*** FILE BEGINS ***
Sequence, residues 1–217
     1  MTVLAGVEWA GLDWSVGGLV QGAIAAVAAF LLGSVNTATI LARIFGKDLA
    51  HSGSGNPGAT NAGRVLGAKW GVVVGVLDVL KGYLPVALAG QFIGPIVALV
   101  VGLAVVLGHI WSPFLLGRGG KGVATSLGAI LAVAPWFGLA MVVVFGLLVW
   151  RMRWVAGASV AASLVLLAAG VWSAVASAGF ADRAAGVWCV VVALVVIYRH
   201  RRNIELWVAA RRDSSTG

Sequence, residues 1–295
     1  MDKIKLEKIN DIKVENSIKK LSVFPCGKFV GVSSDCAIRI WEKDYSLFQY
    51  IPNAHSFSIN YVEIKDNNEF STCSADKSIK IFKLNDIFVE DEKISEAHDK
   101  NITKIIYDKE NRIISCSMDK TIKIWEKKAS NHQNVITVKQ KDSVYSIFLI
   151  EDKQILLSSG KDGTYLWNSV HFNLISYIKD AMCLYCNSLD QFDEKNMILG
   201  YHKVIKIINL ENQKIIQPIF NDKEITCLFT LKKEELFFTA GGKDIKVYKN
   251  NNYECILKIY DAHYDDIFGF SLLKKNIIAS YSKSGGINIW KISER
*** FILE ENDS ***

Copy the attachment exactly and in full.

Sequence, residues 1–217
     1  MTVLAGVEWA GLDWSVGGLV QGAIAAVAAF LLGSVNTATI LARIFGKDLA
    51  HSGSGNPGAT NAGRVLGAKW GVVVGVLDVL KGYLPVALAG QFIGPIVALV
   101  VGLAVVLGHI WSPFLLGRGG KGVATSLGAI LAVAPWFGLA MVVVFGLLVW
   151  RMRWVAGASV AASLVLLAAG VWSAVASAGF ADRAAGVWCV VVALVVIYRH
   201  RRNIELWVAA RRDSSTG

Sequence, residues 1–295
     1  MDKIKLEKIN DIKVENSIKK LSVFPCGKFV GVSSDCAIRI WEKDYSLFQY
    51  IPNAHSFSIN YVEIKDNNEF STCSADKSIK IFKLNDIFVE DEKISEAHDK
   101  NITKIIYDKE NRIISCSMDK TIKIWEKKAS NHQNVITVKQ KDSVYSIFLI
   151  EDKQILLSSG KDGTYLWNSV HFNLISYIKD AMCLYCNSLD QFDEKNMILG
   201  YHKVIKIINL ENQKIIQPIF NDKEITCLFT LKKEELFFTA GGKDIKVYKN
   251  NNYECILKIY DAHYDDIFGF SLLKKNIIAS YSKSGGINIW KISER